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&DnD
Quick guide to magic++

This rule leaflet is designed to serve as a quick guide to alternative magic system for D&D, magic++. This system is meant to replace D&D’s magic system completely.

Spec version: v0.5
Release date: 2017-04-01

Intro

Even though RPGs are usually firmly in the realm of fantasy, we still really like to have plenty of realism in our game. This is why we have decided to completely overhaul / homebrew certain parts of D&D to our liking.

One of the theories about our universe claims that (our universe) is only a simulation. If its a simulation, there’s probably a way to interact with the engine the simulation runs on. And if there’s a way to interact with the simulation, there’s slim chances that some people were gifted with a way to access the simulation console. Such console would work exactly like the terminal on your computer: if you know what to put in, computer will do the stuff you want.

In here, we explain the new rules of how magic works. Don’t worry, it’s simple and easy to remember.

Index

magic++ example

magic++ is a brand new way of making and casting spells in D&D. You need to write a spell from scratch, every time you want to use it. DM then ’interprets’ it and tells you the end result. As an example, this section describes how to cast a fireball spell.

First, we need to import essential stuff:

#include <magic.h>
#include <stdnd.h>

Now, we need to create new object and get a direction in which the player character is pointing. (NOTE: non-magical player actions shouldn’t be expressed in the script, as scripts only handle magic).

Object fireball = new Object();
Object direction = Player.getPointingDirection(Player.RIGHT_HAND);

After that, we use MagicAPI.getObject() to find the first object in the direction we’re pointing at (we assume there’s nothing between the player and the target, as getObject() returns the object closest to the player by default):

Object foe = getObject(direction);

We set location where we want our fireball to land (function getLocation() may sometimes be inaccurate and require player to roll their dice). Note that some spells have a maximum (or minimum) range. If target is out of range, the setTargetAOE() function will throw an exception and the spell will fail. If exception isn’t caught, the player will not be able to perform any magic until the next long rest. Since that’s not optimal, we place the statement within a try/catch block.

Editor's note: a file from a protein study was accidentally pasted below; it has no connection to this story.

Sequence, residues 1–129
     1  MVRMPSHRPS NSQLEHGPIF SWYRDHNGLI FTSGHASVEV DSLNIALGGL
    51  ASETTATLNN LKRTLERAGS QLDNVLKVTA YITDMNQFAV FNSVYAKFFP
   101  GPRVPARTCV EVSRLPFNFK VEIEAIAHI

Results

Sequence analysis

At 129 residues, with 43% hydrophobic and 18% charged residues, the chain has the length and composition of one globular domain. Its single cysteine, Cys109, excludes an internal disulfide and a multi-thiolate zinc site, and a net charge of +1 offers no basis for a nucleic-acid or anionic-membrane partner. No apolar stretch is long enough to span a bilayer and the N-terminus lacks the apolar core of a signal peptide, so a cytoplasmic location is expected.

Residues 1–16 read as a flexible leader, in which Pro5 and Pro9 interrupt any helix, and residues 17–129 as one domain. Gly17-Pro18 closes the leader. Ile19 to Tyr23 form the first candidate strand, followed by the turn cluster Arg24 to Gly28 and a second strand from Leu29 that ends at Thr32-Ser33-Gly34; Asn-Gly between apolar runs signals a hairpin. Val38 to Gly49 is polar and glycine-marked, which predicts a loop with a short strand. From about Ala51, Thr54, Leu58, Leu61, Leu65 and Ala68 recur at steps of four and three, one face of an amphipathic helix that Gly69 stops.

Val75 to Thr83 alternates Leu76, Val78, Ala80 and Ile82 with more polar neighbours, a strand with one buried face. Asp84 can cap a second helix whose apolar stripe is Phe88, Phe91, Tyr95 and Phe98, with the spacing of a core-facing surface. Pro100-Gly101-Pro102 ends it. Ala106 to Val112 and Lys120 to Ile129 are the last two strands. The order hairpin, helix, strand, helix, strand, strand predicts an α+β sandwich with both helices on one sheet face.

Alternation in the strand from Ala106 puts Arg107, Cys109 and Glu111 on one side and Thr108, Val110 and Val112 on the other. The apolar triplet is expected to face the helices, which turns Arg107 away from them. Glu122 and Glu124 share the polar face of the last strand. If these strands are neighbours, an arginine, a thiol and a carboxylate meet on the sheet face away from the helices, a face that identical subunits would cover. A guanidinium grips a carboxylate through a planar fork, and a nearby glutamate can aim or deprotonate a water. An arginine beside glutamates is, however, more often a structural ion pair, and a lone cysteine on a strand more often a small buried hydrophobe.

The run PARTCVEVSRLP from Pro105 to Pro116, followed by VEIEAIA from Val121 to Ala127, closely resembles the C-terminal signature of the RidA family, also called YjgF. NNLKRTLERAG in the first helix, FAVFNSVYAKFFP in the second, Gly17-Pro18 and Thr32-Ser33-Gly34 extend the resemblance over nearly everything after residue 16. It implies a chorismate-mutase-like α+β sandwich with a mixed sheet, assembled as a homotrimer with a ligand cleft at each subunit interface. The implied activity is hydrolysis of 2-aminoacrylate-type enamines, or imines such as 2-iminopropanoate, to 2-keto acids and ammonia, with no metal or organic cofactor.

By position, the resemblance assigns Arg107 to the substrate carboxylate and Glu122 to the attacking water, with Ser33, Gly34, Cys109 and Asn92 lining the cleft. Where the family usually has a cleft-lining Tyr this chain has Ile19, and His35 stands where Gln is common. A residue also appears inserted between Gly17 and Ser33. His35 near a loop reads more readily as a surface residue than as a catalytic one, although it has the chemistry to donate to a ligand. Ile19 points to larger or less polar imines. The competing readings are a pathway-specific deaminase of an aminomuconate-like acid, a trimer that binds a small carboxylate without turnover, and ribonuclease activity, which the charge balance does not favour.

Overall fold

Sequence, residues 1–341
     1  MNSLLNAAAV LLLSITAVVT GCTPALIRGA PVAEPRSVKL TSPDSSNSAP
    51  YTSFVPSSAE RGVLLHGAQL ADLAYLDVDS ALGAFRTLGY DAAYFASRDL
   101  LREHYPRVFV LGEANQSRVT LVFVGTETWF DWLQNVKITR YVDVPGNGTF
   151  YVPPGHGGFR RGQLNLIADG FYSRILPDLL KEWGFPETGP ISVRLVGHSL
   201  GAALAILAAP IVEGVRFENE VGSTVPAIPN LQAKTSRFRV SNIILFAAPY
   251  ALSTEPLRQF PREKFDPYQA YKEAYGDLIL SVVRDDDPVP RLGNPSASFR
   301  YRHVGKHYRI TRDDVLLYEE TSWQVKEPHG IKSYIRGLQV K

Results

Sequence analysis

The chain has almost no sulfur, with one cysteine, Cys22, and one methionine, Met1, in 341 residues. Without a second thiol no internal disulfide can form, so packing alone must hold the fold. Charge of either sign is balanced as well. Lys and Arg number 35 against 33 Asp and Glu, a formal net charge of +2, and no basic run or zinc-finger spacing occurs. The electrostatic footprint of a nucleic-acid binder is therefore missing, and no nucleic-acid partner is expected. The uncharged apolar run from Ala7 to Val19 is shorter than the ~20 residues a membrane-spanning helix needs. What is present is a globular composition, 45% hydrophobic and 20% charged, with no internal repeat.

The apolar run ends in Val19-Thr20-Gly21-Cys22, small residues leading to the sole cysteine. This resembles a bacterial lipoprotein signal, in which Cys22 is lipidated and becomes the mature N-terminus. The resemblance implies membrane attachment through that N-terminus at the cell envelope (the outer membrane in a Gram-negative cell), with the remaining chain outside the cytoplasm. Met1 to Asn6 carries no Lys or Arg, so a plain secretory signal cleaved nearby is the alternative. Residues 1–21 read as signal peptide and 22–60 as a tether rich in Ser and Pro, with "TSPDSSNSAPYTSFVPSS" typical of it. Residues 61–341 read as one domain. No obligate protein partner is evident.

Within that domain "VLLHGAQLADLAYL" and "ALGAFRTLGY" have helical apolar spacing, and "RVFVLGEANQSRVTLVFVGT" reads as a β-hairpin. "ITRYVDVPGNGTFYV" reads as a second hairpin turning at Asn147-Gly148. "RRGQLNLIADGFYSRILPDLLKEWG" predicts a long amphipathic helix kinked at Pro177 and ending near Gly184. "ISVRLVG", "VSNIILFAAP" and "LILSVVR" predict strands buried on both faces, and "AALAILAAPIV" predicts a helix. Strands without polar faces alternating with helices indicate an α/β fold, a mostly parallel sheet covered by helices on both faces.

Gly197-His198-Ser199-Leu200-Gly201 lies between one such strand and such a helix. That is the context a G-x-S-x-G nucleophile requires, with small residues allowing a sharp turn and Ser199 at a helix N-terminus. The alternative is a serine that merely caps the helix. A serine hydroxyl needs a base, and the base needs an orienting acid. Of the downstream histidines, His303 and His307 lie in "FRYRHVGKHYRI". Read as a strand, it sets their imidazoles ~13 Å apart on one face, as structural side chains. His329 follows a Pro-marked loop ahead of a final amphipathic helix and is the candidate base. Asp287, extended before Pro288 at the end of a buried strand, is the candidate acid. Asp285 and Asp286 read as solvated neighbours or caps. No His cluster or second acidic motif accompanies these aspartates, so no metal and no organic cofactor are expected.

In example below, if setTargetAOE() throws an exception, the catch block gets executed. Because we don’t want to allow our spell to continue if setTargetAOE() failed, we use return command to stop the spell entirely.

try{
  fireball.setTargetAOE(foe.getLocation());
}
catch(OutOfRangeException e){
  return;
}

Next, we call on character’s player to roll their D20.

Player.roll(D20);

The roll sets values for the next action. You must take action even if the roll was unsuccessful, since function roll() sets internal variables for the next move.

Now, we have to cast the fireball:

fireball = (Fireball) fireball;

And finally, after the fireball has been cast, we need to determine how much damage have we dealt:

fireball.determineDamage(D6, Player);

DM will automatically process the actions, according to the rolls. You don’t have to bother with whether the roll itself was successful as these things are handled by magic VM.

All put together, our script looks like this:

#include <magic.h>
#include <stdnd.h>


Object fireball = new Object();
Object direction = Player.getPointingDirection(Player.RIGHT_HAND);

Object foe = getObject(direction);
try{
  fireball.setTargetAOE(foe.getLocation());
}
catch(OutOfRangeException e){
  return;
}

Player.roll(D20);
fireball = (Fireball) fireball;
fireball.determineDamage(D6, Player);

By the way, egyptian brackets should be enforced. Always. Class, function, if, case, or a loop, it doesn’t matter. Egyptian brackets are the one true way. If player fails to use egyptian brackets (see example above) and, at any point, puts opening brackets in the new line like so:

if (cond)
{
  code(); // code
}

they should be penalized. If they use anything that’s more retarded than that, such as GNU-style brackets (mind the indentation):

if (cond)
  {
    code(); // code
  }

they should be banned from using magic for the rest of the campaign.